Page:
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By Caryn Freeman
July 15 --Employees don't always feel like they can express their true selves at work, which can lead to lower productivity and higher turnover, according to workplace diversity and inclusion professionals interviewed by Bloomberg BNA.
Laura Stack, author of the book “Execution is the Strategy” and CEO of ProductivityPro, told Bloomberg BNA July 11 that when employees feel they have to “cover” aspects of themselves, they are often less inclined to share their opinion, which can lead to a lack of trust and can impede productivity.
“Uncovering Talent: A New Model of Inclusion,” a recent survey from the Deloitte University Leadership Center for Inclusion, highlights how employees often cover aspects of themselves they feel might hinder opportunities for acceptance and advancement in their organization. It gives examples, such as a woman avoiding talking about being a mother because she does not want her colleagues to think she is less committed to her work; a black woman straightening her hair to de-emphasize her race; a veteran refraining from challenging a joke about the military, lest she be seen as overly strident; or a gay person refraining from bringing his same-sex partner to a work function so as not to be seen as “too gay.”
“All of these adjustments in behavior that we make impact productivity because they take away from our energy and our ability to bring our best selves to work,” Stack said. “The risk of this is now we've lost that authentic person in the workplace.”
Stack said that as the workplace becomes more diverse, employers will need to identify the processes involved in covering, raise consciousness about it and allow people to bring their best selves to work.
“First of all, employers have to name it,” she said. “You have to communicate with people that this is something that we have discovered is an issue, it's something that we feel will benefit the organization as a whole if we draw it out and we want to talk about it and provide education.”
Stack said if organizations can shift the need of employees to fit in to an effort by employees to be accepted for who they are, they will see a boost in productivity. But currently, she said, “clearly that's not happening.”
“What if [employers] could raise productivity by 10 percent just by allowing people to be more authentically themselves in the workplace,” Stack said. “We'd have a better diversity of opinions, we'd have people bringing their real thoughts and experiences to the table and we wouldn't have people spending time purposely acting in ways that are not normal for them.”
Tyronne Stoudemire, principal of diversity and inclusion at consulting firm Mercer's Chicago office, told Bloomberg BNA July 11 that employers hurt themselves when they “don't understand what people value the most or are telling them to throw away what they value the most when they come to work.”
The Deloitte survey found that many employees feel they have to manage aspects of their identity in a way that the dominant group would not have to, and that covering negatively impacts an employee's sense of self and diminishes his or her commitment to the employer.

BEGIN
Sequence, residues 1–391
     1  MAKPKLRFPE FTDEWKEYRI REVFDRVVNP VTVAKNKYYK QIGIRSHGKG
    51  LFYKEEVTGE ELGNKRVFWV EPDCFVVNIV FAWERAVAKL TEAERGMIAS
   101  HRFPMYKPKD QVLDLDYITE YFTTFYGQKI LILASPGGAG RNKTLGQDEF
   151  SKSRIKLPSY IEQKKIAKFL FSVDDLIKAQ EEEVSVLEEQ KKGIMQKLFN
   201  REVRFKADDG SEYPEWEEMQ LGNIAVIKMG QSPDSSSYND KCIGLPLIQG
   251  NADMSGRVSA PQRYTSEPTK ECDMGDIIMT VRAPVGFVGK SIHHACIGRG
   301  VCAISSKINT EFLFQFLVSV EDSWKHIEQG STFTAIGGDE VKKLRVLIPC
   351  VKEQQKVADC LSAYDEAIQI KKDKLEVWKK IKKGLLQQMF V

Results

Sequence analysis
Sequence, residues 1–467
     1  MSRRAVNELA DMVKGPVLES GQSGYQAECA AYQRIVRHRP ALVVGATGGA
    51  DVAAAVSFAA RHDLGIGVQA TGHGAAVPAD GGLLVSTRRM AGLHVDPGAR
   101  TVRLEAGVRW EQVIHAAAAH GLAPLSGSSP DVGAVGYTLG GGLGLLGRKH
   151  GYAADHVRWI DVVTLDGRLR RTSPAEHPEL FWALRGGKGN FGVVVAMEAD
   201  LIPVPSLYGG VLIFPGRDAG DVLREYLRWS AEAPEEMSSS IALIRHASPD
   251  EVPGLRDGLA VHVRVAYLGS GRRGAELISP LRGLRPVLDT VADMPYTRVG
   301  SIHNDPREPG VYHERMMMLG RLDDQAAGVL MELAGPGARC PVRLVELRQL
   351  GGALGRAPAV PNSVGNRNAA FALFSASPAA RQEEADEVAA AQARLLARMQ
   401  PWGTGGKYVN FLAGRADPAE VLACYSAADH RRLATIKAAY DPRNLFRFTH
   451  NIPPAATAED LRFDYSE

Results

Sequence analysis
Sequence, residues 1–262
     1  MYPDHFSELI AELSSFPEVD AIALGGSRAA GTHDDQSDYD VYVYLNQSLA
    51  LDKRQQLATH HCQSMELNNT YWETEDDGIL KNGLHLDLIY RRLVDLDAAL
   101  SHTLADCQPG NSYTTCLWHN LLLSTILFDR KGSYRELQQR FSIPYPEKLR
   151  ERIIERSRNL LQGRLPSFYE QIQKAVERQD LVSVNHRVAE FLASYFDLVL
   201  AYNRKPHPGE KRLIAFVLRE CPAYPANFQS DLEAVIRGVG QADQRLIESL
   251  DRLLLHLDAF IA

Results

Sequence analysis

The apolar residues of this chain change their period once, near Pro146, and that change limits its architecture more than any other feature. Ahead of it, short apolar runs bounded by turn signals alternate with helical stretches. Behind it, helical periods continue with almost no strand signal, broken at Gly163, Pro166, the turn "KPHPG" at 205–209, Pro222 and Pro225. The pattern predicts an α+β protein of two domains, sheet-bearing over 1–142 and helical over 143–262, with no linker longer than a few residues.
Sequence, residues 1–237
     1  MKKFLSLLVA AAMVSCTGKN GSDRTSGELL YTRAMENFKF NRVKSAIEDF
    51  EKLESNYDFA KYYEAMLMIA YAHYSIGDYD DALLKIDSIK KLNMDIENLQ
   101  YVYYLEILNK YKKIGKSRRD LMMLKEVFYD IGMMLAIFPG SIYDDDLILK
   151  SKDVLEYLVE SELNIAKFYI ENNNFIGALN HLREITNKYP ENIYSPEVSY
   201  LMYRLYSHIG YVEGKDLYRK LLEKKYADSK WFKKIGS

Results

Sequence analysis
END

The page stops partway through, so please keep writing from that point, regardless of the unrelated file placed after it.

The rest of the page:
Just over half (53 percent) of surveyed employees stated that their supervisors expect them to cover, and half (50 percent) said this expectation has “somewhat” to “extremely” affected their sense of commitment to the organization. The online, anonymous survey featured 3,129 respondents representing a variety of industries.
“None of us want to work our identities alongside our jobs; we all want to bring our whole selves to work,” Kenji Yoshino, professor of law at New York University and the study's co-author, told Bloomberg BNA July 9.
The survey found that employees who cover include relatively high numbers of lesbian, gay and bi-sexual individuals; blacks; women; and Hispanics. More surprisingly, it also found that 45 percent of straight white men reported covering at work.
“The survey is an attempt, through its anonymity and various other safeguards, to close the gap between information that employees cover and the information that organizations need [in order] to do something about it,” Yoshino said.
Christie Smith, national managing principal for the Deloitte University Leadership Center for Inclusion and co-author of the report, told Bloomberg BNA July 15 that the research draws a line directly to the issues of inclusion, corporate accountability, leadership accountability and values accountability.
She said company leaders play a big role in helping employees reveal more about themselves.
“Individuals want leaders to come to work and share who they are, not what they are,” Smith said. “They want their leaders to talk about how they were brought up and what issues they may have encountered. They want to hear the human side of leadership, and they want that demonstrated in their organization because that allows them to feel safe bringing their whole self to work.”
To contact the reporter on this story: Caryn Freeman in Washington at firstname.lastname@example.org
To contact the editor responsible for this story: Simon Nadel at email@example.com
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